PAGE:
Over the past 10 years, the telecommunications industry has changed dramatically. In 2004, the industry was still predominantly selling wireline services like VPNs and unified communications. The industry was trying to rebound from the 1990’s dot com and telecom bubble bursting coupled with a series of scandals led by the WorldCom bankruptcy. It really wasn’t until the iPhone was initially released in 2008 that mobility took over as the primary source of revenue for the telcos. It’s hard to believe that we’ve only recently been mobile and unplugged. As the industry has changed, so have the individuals who have been its greatest influencers.
#1 (tie) Randall Stephenson – CEO AT&T; Lowell McAdam – CEO Verizon
Verizon and AT&T combined have 2/3 of the wireless market share in the US, so both Randall and Lowell are the 800 lb. gorillas in the industry. Both succeeded two dynamic CEOs that each built their companies through strategic mergers and acquisitions that for the most part rebuilt the Bell System into two huge entities. Both men served as Chief Operating Officers of their companies (Stephenson was COO of SBC Communications in 2004. In 2006, SBC purchased AT&T Corp. and took on their name). Both also have first names that end with two L’s. That’s about where their similarities end.
Although Stephenson began his career in information technology, he rose up the ranks holding a series of finance positions until he was named CFO of SBC in 2004. McAdam was a licensed engineer and spent six years in the US Navy Civil Engineer Corps. Unlike Stephenson, McAdam didn’t work for one company for his entire career. He was an executive at Pacific Bell, ironically an AT&T company. He was also an executive at AirTouch Wireless which was a Bell Atlantic (former Baby Bell now part of Verizon) and Vodaphone owned joint venture.
Of the two, Stephenson seems to have a more aggressive business plan. He attempted to acquire T-Mobile and is in the process of acquiring DirecTV which will make AT&T the second largest subscription TV service in the US. Both executives have made key decisions and acquisitions that will enable their companies to offer advanced services the other telcos cannot offer.
#2. John Legere – CEO T-Mobile
John Legere was also an executive at AT&T, as well as at Dell and Global Crossing. Prior to becoming CEO of T-Mobile in 2012, he was CEO of Global Crossing where he led the company out of bankruptcy and acquired rival telco Level 3 Communications. Like Lowell McAdam, Legere serves on the CTIA Board of Directors.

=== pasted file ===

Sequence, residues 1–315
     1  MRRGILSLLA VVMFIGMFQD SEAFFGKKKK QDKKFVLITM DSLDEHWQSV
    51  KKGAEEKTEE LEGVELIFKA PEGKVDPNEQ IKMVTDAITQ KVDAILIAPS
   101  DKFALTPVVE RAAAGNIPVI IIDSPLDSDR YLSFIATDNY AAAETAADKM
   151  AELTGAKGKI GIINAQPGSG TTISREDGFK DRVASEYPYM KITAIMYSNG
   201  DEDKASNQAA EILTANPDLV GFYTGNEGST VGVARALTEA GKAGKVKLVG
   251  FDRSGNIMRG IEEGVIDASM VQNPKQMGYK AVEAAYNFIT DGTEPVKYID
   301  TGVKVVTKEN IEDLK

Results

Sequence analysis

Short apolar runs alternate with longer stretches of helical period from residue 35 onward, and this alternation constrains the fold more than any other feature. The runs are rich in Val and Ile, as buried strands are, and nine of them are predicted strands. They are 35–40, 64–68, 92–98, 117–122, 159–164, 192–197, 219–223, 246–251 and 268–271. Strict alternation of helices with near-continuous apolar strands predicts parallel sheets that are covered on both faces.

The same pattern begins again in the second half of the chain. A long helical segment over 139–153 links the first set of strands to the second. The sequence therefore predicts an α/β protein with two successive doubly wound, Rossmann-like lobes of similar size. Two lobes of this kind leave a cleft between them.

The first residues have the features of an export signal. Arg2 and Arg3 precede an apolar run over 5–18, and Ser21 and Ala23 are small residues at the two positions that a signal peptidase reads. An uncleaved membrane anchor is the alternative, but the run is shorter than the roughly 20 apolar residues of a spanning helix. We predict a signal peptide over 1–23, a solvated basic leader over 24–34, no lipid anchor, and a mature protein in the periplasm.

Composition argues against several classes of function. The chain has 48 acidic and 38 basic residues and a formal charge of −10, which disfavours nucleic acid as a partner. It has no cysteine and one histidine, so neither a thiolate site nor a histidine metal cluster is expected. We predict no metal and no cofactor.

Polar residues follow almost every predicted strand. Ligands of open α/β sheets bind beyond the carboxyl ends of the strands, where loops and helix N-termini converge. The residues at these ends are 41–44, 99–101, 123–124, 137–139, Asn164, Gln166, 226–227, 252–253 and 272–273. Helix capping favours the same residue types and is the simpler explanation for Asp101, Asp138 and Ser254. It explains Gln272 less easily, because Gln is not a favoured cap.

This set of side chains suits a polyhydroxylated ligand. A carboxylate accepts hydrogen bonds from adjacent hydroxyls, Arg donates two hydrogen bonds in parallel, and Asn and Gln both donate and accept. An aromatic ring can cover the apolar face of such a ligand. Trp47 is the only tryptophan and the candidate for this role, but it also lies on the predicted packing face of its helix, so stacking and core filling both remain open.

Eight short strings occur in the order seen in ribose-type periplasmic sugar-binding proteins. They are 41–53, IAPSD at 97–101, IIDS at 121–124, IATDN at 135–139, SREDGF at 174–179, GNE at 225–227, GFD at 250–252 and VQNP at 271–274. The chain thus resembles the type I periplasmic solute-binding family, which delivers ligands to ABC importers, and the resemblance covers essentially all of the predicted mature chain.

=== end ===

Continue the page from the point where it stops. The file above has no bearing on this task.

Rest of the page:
As CEO of T-Mobile, Legere has been somewhat of a maverick introducing the “uncarrier” strategy of low monthly subscription fees without any contract. T-Mobile will even pay any penalties customers face when they break contracts with their other carriers. The latest twist in the “uncarrier” strategy is to include Wi-Fi calling and texting, which doesn’t eat into your cellular plan. While T-Mobile has acquired millions of customers through this strategy and has greatly increased their market share, they are operating at a loss. It will be interesting to see if Legere will either figure out how to acquire customers and turn a profit, or will he make T-Mobile an attractive acquisition target. Stay tuned.
Legere is not a boring guy by any stretch of the imagination. Last year he crashed AT&T’s party at the CES show (and was thrown out!) CNET has called Legere, the most dangerous man in wireless.
#4. Masayoshi Son – CEO – SoftBank Mobile
Masayoshi Son is the CEO of SoftBank Mobile, now the #2 wireless carrier in Japan. His net worth is in excess of $22 billion making him the richest person in Japan. In 2013, Forbes listed Son as the #45 most powerful man in the world.
In 2013, SoftBank acquired Sprint, the third largest wireless carrier in the US. Son then set his sights on T-Mobile. However, in August 2014, Son announced he was not only giving up on acquiring T-Mobile, but he fired long time Sprint CEO Dan Hesse citing the need to rid Sprint of its “loser mentality.”
Like Legere, stay tuned as Son will make things exciting in the wireless world.
#5. Jeff Kagan – Telecom Industry Analyst
When Jeff Kagan talks, people listen. Dick Martin, former Executive Vice President of Public Relations at AT&T called Jeff Kagan “the most quoted analyst in the telecommunications industry.” AdWeek magazine has listed Kagan as one of the most influential technology analysts in America and the leading telecommunications analyst. GetVOIP.com has listed Kagan as one of the top 50 VOIP experts to follow on Twitter. Kagan has served as a judge for the CTIA Compass Intelligence Awards Panel which recognizes “visionary service providers, OEMs, hardware, and software vendors in the mobility market.” He has also served as judge at the CTIA Emerging Technology Awards. Kagan has been invited to appear before the FCC and Congress to give his opinion on the state of the wireless and wireline industries. Kagan was member of the US Speaker of the House of Representatives high tech roundtable.